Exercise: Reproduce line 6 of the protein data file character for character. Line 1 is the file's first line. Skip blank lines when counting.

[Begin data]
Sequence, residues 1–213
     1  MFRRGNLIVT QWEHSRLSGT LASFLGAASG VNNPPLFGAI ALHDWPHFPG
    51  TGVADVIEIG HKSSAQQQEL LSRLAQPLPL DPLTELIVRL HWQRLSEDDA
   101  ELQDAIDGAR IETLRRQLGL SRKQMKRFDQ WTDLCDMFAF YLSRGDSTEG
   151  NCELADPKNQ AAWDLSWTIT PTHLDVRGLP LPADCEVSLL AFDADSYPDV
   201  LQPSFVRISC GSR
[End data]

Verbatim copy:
   201  LQPSFVRISC GSR